Don’t resist inquiry into schools, G25 tells religious bodies

Rescue workers gather outside the Darul Quran Ittifaqiyah religious school in Kuala Lumpur September 14, 2017. ― Reuters pic
Rescue workers gather outside the Darul Quran Ittifaqiyah religious school in Kuala Lumpur September 14, 2017. ― Reuters pic

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KUALA LUMPUR, Sept 15 ― Religious authorities should not resist an open inquiry into how religious schools are run, G25 said after a fire at a tahfiz school here killed 23 yesterday.

In a statement, the group of senior retired civil servants and eminent personalities said all parties should support efforts to form a committee to investigate the fire that broke out at Darul Quran Ittifaqiyah at 5.40am yesterday, which killed 21 students aged 11 to 17 and two wardens.

The tragedy once again raised concerns about safety standards at religious schools, with Deputy Prime Minister Datuk Seri Ahmad Zahid Hamidi pointing out that over 200 fires had happened at such schools since 2015.

“Malaysia should not exempt religious schools from the principles of common justice or hide the underlying problems of religious education from public scrutiny as this will only lead to similar tragedies recurring in the future,” G25 said.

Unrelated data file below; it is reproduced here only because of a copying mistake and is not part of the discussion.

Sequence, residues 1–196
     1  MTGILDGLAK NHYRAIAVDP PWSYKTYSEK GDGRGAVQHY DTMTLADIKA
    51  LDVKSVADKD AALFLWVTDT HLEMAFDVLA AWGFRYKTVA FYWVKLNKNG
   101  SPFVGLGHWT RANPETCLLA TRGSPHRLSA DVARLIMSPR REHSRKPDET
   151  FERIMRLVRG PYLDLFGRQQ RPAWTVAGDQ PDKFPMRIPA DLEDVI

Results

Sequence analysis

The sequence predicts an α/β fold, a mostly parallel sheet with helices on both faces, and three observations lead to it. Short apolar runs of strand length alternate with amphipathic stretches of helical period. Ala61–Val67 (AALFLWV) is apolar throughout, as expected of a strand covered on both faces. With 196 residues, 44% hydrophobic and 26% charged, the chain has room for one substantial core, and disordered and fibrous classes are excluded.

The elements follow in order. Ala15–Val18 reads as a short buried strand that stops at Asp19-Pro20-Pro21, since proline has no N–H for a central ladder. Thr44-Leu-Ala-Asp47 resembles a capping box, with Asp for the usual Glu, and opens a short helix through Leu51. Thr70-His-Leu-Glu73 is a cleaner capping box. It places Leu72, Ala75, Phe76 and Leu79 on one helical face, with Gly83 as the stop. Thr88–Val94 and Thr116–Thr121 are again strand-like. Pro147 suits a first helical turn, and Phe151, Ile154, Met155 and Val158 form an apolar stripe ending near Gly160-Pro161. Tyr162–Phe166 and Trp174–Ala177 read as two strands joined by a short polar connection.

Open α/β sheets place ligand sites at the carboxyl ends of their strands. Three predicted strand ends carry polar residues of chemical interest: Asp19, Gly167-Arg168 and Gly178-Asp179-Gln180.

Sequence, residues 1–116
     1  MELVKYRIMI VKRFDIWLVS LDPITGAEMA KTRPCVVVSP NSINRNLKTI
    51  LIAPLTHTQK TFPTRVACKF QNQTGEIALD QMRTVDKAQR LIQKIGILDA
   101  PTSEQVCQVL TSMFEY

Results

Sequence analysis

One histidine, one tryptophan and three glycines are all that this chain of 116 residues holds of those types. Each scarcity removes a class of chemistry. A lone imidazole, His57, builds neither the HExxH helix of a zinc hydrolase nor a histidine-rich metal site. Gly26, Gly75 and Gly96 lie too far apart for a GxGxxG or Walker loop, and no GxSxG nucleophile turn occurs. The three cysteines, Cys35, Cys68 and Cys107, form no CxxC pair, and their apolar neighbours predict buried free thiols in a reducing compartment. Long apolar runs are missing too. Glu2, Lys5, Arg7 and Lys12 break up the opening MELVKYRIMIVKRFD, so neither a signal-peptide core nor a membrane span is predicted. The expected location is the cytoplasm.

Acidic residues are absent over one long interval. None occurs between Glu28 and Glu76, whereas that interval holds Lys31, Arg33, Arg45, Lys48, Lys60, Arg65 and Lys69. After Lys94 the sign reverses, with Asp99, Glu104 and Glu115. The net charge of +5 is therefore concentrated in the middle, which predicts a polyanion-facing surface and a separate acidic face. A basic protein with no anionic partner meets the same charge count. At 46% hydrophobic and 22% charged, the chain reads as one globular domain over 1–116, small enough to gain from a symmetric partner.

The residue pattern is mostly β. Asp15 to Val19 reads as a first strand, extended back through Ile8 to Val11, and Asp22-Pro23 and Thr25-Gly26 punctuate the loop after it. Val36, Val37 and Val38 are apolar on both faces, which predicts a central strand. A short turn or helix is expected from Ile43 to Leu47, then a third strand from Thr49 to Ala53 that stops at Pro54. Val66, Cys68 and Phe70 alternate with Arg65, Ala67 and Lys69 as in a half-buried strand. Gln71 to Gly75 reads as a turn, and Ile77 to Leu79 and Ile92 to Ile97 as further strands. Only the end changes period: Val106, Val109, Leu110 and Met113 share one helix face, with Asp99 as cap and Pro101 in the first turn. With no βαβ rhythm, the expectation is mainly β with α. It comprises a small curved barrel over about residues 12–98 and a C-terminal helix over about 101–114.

Zahid yesterday called for a special committee to investigate the fire at the tahfiz school in Kampung Datuk Keramat here. The Star reported last month that according to Fire and Rescue Department statistics, 211 fires occurred at tahfiz schools nationwide between 2015 and 2017.

G25 also offered the services of some its members to sit on the committee that will investigate yesterday’s tragedy further.

“G25 has among its members retired senior judges, civil servants and diplomats who can volunteer to sit as members of the committee,” it said.

“They are willing to sacrifice their time to assist in finding out how and why the tragedy happened and the lessons that can be learnt so that the religious department in all states can exercise proper regulatory control over these private religious schools,” it added.

Over 600 tahfiz schools in the country are reportedly privately run and not registered with state religious authorities, who govern over them.

“With a problem of such magnitude these schools whether they come under the purview of the Ministry of Education or otherwise should as a minimum be immediately subjected to an inspection on the fire and safety standards before another tragedy occurs,” G25 said.

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